if (err != nil && tc.expectedError == nil) ||
            (err == nil && tc.expectedError != nil) ||
            (err != nil && tc.expectedError != nil && err.Error() != tc.expectedError.Error()) {
            t.Errorf("Expected error: %v, got: %v", tc.expectedError, err)

Prompt ChatGPT with API documentation

I follow a similar prompting workflow for creating both the DalleImageGenerationAdapter and the TwitterSocialMediaAdapter:

  • Introducing the project by stating I am creating a Golang project using Hexagonal Architecture
  • Ask for it to create an adapter that implements a port, copy the code for the port and any relevant domain information.
  • Copy-paste the documentation of the external API the adapter will need to communicate with and an example of the API being used. Basically try to paste as much relevant content into the ChatGPT UI as it will allow.

This worked very well for the DALL-E adapter. With minimum modification I could use the code ChatGPT gave me. However, the Twitter Adapter was more complex. The adapter ended up using 2 versions of the api v1.1 for upload an image and getting a media ID and v2 for creating the actual tweet. I sent more than 20 prompts to ChatGPT, and had to modify a lot of the code it provided me. In the end, building this the “old fashion” way (reading documentation and stack overflow) probably would have been faster as less frustrating.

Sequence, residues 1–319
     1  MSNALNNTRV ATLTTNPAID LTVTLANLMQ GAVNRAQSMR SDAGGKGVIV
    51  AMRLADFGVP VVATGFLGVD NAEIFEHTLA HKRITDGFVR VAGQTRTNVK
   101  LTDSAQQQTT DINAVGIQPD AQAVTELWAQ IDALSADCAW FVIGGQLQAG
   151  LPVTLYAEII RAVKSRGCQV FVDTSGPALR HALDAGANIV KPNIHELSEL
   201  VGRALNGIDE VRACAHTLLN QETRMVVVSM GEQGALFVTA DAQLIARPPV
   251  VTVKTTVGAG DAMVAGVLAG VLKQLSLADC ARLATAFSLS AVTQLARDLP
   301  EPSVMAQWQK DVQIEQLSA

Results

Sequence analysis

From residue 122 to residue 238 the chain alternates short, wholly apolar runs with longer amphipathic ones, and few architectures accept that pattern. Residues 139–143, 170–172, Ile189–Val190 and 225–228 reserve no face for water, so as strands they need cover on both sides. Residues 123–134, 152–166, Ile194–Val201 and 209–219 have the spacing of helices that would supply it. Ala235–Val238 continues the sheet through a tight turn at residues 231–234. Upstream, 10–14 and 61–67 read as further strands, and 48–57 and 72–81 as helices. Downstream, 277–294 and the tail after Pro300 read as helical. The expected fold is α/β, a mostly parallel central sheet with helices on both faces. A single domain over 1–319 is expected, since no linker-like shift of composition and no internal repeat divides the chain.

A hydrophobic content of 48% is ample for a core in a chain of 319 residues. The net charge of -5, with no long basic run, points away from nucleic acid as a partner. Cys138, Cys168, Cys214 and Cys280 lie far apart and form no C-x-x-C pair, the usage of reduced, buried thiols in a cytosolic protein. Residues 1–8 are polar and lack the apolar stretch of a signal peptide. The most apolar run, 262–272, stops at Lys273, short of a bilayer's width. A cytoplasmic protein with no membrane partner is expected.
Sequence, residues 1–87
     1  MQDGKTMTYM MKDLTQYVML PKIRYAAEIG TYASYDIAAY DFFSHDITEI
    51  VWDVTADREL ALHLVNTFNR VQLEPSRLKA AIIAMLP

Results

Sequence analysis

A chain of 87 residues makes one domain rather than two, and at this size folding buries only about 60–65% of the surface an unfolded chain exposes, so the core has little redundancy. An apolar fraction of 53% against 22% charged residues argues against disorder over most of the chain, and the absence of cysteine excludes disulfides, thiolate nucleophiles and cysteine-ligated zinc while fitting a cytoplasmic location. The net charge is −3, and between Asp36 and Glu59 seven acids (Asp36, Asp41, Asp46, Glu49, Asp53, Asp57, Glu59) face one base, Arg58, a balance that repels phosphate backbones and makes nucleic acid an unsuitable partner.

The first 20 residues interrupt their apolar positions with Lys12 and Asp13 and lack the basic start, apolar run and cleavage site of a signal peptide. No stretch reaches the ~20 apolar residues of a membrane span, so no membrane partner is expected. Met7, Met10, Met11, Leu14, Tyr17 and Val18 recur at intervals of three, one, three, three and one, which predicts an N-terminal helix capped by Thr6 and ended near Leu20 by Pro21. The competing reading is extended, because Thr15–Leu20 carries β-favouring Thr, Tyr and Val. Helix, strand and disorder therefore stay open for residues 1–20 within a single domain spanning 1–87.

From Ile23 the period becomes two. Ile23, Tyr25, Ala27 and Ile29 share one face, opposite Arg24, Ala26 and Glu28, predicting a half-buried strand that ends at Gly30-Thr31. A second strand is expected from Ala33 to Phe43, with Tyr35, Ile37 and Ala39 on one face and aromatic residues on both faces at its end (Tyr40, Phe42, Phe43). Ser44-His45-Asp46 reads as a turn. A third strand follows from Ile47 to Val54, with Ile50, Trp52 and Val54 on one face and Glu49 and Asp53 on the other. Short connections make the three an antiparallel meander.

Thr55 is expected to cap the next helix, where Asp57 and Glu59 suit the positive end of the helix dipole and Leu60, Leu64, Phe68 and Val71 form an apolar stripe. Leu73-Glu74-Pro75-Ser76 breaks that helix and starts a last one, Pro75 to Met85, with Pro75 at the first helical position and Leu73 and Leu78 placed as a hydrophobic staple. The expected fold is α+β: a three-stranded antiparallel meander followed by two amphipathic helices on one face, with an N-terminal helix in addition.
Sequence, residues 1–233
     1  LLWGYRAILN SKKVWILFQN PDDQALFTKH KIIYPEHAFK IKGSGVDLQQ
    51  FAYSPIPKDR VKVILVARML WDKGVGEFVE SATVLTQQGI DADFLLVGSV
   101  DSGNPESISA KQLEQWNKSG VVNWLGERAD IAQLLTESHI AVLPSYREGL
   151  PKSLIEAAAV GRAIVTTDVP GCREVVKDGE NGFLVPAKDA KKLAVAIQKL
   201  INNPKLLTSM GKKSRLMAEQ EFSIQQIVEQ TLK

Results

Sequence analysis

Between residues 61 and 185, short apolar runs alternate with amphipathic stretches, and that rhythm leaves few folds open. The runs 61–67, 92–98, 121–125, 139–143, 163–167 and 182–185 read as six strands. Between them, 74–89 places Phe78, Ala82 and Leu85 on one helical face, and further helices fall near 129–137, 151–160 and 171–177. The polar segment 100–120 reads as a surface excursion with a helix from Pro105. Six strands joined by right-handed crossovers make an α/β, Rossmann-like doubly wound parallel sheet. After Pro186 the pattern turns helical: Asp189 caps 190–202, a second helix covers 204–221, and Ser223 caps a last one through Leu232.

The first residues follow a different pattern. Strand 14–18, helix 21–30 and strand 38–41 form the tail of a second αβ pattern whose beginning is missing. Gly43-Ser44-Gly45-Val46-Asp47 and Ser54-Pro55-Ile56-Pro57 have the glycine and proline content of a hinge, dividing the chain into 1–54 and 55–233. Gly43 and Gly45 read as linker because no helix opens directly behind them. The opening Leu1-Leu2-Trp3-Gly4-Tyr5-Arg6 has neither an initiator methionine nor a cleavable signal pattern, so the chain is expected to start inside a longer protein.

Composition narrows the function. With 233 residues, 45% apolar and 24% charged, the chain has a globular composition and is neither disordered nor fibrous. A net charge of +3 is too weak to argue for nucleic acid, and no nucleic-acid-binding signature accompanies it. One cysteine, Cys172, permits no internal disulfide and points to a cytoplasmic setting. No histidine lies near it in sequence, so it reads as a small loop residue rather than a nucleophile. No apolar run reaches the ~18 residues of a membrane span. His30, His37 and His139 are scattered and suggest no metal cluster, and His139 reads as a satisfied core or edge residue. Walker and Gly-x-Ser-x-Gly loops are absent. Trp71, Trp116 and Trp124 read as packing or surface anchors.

Try the service

Up until now I have yet to use the actual service. I’ve been wiring up each adapter individually to test with the debugger. So let’s modify cmd/debugger/main.go, which I’m basically using as a scratch pad to test the entire service.

package main

import (

func main() {
	logger := adapters.NewZapLogger(zap.NewDevelopmentConfig(), true)

	NYTimesKey, exists := os.LookupEnv("NEW_YORK_TIMES_KEY")
	if !exists {
		logger.Fatal("NEW_YORK_TIMES_KEY not found")
	newsAdapter := adapters.NewNYTimesNewsAdapter(NYTimesKey, http.DefaultClient)

	OpenAIKey, exists := os.LookupEnv("OPENAI_KEY")
	if !exists {
		logger.Fatal("OPENAI_KEY not found")

	llmAdapter := adapters.NewChatGPTAdapter(OpenAIKey, http.DefaultClient)

	imageGenerationAdapter := adapters.NewDalleImageGenerationAdapter(OpenAIKey, http.DefaultClient)